|The characteristic features of the Esquimaux,| says Admiral Beechey, |are large fat round faces, high cheek-bones, small hazel eyes, eyebrows slanting like the Chinese, and wide mouths.| They are generally under five feet high, and have brown complexions. Beechey, in his Narrative of a Voyage to Behring's Strait, &c., in H.M.S. |Blossom,| gave a curious and particular description of the habits and customs of the Esquimaux, their wretched hovels, or |yourts,| snow-dwellings, and underground huts, and the general want of cleanliness in their persons and dwellings.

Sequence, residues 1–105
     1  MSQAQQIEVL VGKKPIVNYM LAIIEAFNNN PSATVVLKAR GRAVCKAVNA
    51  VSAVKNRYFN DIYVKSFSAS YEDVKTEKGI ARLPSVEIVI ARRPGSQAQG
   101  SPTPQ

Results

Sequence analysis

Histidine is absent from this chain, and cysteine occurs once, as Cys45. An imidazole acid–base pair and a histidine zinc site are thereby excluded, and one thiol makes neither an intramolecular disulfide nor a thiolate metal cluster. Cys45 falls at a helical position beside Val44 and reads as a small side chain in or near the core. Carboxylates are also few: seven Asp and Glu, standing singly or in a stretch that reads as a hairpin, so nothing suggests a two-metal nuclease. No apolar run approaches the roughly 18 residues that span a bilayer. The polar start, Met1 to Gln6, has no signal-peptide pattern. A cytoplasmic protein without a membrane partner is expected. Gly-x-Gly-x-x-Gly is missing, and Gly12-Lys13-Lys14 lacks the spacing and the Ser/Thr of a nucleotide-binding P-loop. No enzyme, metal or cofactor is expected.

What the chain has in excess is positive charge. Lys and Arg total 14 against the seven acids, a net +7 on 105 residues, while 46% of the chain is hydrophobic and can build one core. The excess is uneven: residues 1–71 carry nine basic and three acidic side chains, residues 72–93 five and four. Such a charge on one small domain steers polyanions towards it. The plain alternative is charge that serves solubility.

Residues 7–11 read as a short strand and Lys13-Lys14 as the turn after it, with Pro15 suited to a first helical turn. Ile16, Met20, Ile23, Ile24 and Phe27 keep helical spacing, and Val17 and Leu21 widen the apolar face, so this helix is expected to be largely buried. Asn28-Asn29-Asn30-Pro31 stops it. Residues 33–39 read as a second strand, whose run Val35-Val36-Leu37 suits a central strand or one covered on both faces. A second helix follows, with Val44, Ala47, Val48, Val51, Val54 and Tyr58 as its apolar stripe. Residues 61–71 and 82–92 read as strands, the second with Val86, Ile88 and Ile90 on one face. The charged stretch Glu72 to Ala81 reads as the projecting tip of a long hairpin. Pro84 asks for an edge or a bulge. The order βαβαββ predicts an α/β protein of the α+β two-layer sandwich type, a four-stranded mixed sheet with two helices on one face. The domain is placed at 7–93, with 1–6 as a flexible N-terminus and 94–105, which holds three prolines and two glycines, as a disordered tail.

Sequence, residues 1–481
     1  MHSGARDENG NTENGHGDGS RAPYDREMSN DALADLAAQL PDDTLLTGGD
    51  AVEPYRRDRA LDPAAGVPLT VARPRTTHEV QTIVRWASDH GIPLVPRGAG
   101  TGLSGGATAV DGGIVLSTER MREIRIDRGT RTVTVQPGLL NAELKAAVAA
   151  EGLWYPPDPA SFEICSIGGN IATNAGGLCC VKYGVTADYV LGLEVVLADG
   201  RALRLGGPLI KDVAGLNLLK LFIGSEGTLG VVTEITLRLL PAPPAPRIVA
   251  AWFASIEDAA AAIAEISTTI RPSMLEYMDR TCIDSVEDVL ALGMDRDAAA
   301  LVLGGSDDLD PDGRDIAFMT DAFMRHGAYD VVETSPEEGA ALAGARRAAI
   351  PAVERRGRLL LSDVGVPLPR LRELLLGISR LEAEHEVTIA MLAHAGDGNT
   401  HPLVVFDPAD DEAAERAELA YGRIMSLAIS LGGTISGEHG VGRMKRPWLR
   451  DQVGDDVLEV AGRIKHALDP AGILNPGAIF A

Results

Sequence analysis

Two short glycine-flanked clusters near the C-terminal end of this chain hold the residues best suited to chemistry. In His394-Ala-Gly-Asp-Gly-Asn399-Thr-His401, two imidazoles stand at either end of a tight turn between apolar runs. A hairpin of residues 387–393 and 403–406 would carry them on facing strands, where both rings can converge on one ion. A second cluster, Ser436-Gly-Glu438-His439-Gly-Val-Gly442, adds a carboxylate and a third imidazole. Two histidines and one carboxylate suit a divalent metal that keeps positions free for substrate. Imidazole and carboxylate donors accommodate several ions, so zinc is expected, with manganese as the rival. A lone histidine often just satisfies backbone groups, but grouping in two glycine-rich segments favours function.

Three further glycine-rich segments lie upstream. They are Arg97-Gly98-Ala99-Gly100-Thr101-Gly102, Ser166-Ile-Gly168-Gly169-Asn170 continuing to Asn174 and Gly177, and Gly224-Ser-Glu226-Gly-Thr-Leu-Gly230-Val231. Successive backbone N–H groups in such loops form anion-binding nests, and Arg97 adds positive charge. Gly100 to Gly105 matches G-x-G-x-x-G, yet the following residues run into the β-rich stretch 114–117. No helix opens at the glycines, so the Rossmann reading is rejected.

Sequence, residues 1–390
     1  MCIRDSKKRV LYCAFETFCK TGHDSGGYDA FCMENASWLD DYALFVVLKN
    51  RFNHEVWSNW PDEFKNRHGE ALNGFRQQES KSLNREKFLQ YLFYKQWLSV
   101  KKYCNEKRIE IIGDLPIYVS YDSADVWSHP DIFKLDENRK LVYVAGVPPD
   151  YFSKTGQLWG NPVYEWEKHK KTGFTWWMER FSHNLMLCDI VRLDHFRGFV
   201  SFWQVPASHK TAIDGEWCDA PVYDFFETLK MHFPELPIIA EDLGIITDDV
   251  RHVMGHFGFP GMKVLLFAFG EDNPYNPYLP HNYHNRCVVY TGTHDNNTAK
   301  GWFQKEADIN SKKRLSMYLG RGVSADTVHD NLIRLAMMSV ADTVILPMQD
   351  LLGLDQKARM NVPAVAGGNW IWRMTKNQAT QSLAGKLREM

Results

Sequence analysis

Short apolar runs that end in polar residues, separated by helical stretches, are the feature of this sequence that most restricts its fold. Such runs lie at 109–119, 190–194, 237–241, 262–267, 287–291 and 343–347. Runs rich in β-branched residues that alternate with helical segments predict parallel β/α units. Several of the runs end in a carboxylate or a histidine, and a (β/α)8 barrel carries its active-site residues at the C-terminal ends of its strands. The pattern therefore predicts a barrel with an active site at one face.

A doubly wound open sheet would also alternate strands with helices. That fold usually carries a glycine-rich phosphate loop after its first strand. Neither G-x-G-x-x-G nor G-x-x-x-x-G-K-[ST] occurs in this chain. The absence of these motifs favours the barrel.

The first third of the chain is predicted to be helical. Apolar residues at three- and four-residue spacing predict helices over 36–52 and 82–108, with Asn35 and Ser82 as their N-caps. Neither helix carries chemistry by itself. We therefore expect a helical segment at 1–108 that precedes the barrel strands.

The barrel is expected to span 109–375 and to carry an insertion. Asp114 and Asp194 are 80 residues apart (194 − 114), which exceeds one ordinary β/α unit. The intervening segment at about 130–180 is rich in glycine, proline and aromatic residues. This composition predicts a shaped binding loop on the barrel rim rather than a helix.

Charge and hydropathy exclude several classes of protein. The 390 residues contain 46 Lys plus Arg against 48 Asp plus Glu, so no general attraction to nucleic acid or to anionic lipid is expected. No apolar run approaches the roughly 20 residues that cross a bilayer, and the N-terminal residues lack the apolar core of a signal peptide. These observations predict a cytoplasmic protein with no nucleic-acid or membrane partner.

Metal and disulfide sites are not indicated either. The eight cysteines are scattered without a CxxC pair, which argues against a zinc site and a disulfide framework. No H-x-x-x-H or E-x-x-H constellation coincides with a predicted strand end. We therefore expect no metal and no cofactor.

Speaking of a tribe which he visited, he says, |We found them very honest, extremely good-natured and friendly. Their tents were constructed of skins, loosely stretched over a few spars of drift-wood, and were neither wind nor water tight. The tents were, as usual, filthy, but suitable to the taste of their inhabitants, who no doubt saw nothing in them that was revolting. The natives testified much pleasure at our visit, and placed before us several dishes, amongst which were two of their choicest, -- the entrails of a fine seal, and a bowl of coagulated blood. But desirous as we were to oblige them, there was not one of our party that could be induced to partake of their hospitality. Seeing our reluctance, they tried us with another dish, consisting of the raw flesh of the narwhal, nicely cut into lumps, with an equal distribution of black and white fat, but they were not more successful here than at first.|